We made it. 2012. Year of the thing when all that stuff happens, supposedly. Not sure what. None of us. But personally, we bet it has something to do with the Internet.
Meanwhile, we quit that bartending job and went to work Gate at Burning Man again this year. These hands … ::Charlton Heston-whispers; looks at own hands:: … these hands no longer have to serve death juice. No more doling out therapy and breaking up fights in one of God’s little waiting rooms.
For now, we’re out in the dust at Point One lookout, surveying the landscape and waving water trucks through, or serving food to the gas-huffing Gate staph caught in the lanes.
The Gate is the first thing participants see when they drive up to Burning Man. We are the guardians of the — well, of the gate — to get into the world’s biggest temporary intentional arts-installation interactive community of radically self-reliant Makers and Do-ers of Stuff. Until Exodus we will work like dogs, and play like dogs, protecting the town border of arguably the craziest, chaotic-in-a-good-way environment on Earth.
Arrival to the Black Rock Desert crescendoes at sunset, when pink and yellow light rays dance with the smoke of distant forest fires in the thick fine mist of a ticked-off alkali flat. The DPW tells us newer arrivals the weather has been pissed: Record-breaking heat relented last week only for sudden, intense dust storms so powerful they knocked over rows of guy-wired Portajohns and sent nailed-down plywood sheets flying through car windshields.
Percraps that’s why there’s a glut of last-minute Burning Man tickets for sale … not only did scalpers find themselves SOL (thanks in part to years of Gate’s and Ticketing’s learning-through-doing), but ostensibly, some of the “virgins” — a rumored 50% of the total ticket-buying population — heard the news about the weather and decided it’s not quite so easy to attend this event as it is, say, Coachella or Lollapalooza or any other consumer-oriented stadium event in which the aftermath includes empty $4 bottles of water littering the ground and getting picked up by underpaid crews of immigrants.
The land-speed racers have beef with the Burning Man community because the dunes created further down-playa most likely result from us kicking up a ruckus every year. The desert, she never gets to hard-pack any more. We upset her every year with our world’s largest temporary autonomous zone.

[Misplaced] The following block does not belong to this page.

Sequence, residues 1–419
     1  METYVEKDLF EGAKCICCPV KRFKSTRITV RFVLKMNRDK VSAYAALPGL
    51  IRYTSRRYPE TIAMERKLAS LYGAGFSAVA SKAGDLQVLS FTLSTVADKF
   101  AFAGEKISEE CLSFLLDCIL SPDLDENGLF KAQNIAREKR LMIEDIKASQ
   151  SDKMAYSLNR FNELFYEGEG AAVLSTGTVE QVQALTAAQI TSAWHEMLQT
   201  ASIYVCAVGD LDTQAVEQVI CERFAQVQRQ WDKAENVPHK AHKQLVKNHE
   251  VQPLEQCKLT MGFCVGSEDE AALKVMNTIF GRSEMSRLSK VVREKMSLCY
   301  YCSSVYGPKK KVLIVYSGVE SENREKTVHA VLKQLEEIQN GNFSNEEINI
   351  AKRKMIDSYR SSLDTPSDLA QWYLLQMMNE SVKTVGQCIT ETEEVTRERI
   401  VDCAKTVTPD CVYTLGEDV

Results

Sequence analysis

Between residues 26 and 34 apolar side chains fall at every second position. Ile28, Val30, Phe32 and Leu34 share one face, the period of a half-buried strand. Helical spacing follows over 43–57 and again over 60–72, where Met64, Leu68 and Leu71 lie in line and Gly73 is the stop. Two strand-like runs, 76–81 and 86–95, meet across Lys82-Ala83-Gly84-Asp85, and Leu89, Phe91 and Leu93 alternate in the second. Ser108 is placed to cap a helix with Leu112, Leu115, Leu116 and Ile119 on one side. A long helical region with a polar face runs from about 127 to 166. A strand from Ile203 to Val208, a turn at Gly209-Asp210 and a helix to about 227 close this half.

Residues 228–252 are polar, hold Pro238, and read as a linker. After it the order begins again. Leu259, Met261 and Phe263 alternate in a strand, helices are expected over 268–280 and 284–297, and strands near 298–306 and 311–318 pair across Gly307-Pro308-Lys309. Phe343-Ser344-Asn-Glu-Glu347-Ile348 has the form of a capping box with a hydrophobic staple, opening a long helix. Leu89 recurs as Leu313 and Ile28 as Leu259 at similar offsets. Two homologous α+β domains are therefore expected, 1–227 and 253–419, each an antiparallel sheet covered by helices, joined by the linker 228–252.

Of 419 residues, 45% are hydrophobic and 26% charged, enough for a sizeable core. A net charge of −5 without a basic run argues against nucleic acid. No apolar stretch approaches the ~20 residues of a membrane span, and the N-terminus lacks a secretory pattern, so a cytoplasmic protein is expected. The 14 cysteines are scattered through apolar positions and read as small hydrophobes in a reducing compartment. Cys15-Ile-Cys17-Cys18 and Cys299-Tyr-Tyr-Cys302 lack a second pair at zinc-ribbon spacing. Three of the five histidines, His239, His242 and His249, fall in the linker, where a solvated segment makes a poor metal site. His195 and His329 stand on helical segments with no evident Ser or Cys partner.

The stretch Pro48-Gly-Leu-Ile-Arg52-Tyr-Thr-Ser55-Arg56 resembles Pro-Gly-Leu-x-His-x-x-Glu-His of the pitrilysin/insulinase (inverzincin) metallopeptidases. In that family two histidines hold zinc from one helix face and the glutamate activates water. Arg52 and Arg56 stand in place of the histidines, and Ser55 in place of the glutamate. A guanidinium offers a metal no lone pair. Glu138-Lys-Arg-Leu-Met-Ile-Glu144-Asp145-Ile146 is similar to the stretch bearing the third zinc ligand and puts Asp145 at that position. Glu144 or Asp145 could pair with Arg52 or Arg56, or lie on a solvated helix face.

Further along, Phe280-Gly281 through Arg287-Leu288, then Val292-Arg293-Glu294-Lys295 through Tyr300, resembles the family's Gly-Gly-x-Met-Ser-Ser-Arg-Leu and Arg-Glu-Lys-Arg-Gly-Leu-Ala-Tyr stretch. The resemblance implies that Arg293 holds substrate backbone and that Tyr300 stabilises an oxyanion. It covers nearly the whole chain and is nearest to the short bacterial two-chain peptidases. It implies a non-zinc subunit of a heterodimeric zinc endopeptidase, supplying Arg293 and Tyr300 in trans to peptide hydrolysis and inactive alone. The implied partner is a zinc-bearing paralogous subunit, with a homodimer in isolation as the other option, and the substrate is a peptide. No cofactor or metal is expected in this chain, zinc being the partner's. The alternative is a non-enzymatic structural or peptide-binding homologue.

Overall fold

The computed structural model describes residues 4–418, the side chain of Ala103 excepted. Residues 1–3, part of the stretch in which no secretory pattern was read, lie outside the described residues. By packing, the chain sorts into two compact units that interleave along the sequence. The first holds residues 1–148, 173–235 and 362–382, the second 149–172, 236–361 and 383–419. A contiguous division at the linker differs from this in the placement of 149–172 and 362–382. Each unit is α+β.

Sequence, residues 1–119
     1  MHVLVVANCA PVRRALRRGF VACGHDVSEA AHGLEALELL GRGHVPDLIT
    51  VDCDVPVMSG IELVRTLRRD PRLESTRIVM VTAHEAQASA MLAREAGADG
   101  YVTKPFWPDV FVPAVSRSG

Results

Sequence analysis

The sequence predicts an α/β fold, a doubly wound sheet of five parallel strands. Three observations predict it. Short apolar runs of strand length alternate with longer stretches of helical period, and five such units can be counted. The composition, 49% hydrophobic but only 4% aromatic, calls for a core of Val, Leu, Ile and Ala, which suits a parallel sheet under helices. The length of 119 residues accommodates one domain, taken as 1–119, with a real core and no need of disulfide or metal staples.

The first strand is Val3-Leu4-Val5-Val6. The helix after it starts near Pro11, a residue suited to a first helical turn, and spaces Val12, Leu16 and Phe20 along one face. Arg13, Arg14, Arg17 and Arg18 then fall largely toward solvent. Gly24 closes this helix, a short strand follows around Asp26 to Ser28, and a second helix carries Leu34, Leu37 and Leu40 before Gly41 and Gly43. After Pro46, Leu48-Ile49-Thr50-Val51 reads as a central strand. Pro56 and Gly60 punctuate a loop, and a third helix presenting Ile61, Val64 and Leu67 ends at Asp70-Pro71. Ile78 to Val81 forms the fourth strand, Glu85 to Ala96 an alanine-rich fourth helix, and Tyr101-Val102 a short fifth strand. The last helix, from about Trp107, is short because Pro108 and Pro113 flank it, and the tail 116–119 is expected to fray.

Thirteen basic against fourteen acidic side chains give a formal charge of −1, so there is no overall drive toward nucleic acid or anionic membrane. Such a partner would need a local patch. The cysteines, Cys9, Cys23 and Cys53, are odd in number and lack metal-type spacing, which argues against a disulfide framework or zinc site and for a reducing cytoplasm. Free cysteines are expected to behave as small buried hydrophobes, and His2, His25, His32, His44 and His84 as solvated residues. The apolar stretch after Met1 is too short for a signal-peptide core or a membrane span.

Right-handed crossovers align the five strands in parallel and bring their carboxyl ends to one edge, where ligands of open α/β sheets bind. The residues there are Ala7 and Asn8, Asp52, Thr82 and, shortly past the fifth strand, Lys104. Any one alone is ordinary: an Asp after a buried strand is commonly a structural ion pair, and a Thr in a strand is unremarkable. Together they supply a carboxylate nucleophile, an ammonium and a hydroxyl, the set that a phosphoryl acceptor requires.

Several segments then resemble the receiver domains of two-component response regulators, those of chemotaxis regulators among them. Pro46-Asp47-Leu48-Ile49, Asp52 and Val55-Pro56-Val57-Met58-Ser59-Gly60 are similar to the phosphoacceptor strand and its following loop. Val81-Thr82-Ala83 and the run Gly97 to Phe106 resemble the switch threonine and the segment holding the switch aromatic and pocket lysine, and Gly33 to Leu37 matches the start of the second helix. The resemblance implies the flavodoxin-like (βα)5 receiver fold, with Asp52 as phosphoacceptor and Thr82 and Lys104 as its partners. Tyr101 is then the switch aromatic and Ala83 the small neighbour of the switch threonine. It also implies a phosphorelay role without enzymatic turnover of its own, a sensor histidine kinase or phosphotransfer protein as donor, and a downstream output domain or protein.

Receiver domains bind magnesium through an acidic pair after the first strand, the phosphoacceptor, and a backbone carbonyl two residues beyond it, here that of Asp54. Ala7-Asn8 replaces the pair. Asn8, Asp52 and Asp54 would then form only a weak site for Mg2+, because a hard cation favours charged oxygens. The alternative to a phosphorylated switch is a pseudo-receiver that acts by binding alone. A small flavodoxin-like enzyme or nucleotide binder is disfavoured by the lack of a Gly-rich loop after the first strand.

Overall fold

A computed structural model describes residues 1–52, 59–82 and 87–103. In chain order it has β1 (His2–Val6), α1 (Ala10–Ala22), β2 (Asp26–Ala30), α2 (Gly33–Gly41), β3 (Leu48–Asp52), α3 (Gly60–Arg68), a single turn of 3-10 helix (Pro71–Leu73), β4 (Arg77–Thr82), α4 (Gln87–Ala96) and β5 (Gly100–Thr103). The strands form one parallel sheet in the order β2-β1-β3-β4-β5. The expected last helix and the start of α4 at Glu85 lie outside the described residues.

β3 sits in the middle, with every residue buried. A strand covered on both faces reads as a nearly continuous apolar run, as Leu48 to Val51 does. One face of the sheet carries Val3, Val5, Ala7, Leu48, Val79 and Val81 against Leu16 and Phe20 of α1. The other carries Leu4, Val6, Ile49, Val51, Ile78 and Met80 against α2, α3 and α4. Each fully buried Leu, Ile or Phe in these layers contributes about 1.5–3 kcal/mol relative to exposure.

A city of 50,000 with such little crime and so many dangerous things going on is bound to attract the attention of the world, and the Gubmint sure does love to pour on the surveillance and fees, too. Sometimes justifiably. Most of the original Burning Man founders who have left the Org had a certain idea about law enforcement: Tell them we’ll call ’em when we need ’em.
Alas, other founding Cacophonists were more friendly and surrendered some of their rights more easily than others would have. Now, although the “Org” enjoys a mostly agreeable relationship with local cops, the overabundance of police presence at the ‘fest — and some of some shady morality-policemen over-issuing expensive, time-wasting infractions whenever possible — stands in total and complete incongruity (or balanced opposition, maybe?) to the outrageousness of Burning Man itself.
Americans behave in much the same way, largely. In the greatest crime of three centuries, the civilians of this country, who were meant to enjoy ultimate freedom, tolerance, and self-reliance, have been systematically discouraged — and sometimes forbidden — to cut their own meat for themselves.Anyhoo. No matter how it’s exploded since this writer joined DPW in 1998, and how much of the meat’s flavor has changed, Burning Man event is still the only place where weird is normal — where we can practice living stylishly in a looming Apocalypse-without-central-services, which has been foretold since our birth by our Great Mother Television.
Then there is the matter of the Burning Man Project’s lawsuit against Pershing County. Apparently a Mormon judge has taken offense to the anarchist environment of Black Rock City, particularly the nudity. So he’s being the John Lithgow character in Footloose, marching out the whole “What about the children?!” routine to his equally squaresville residents in a vendetta for Heavenly Father. (Note: Our opinions are in no way reflective of those of the people who “own” Burning Man.)
This is where it will get hot: An ultimate battle of Order (“You must serve your children a decent USDA hamburger, not the wild game of your choice”) vs. Chaos (“don’t you dare tell me how to cut my kid’s meat, much less try to boss the flavor AND cut my kid’s meat for me”).
Like we said before: An ennabler will tell you “you can’t do this right without me,” while a FASCIST tells you “you may not do it for yourself.”
Woo! Burning Man! … They raised the Man a couple days ago, and the show opens at Sunday midnight. It looks like the city has already been built. Which means it’s gonna be crowded up in here soon. White-out conditions come and go today, but only with a mellow breeze, not angry whips of wind. We think the playa, she’s relaxed a bit. (NO JINX)
Meanwhile, if you’re a non-Facebooker like us, watch the Burning Blog. And remember, kids: Anarchy is when you instinctively hold open the door for someone without any law telling you to do so.
Follow Summer Burkes on Twitter.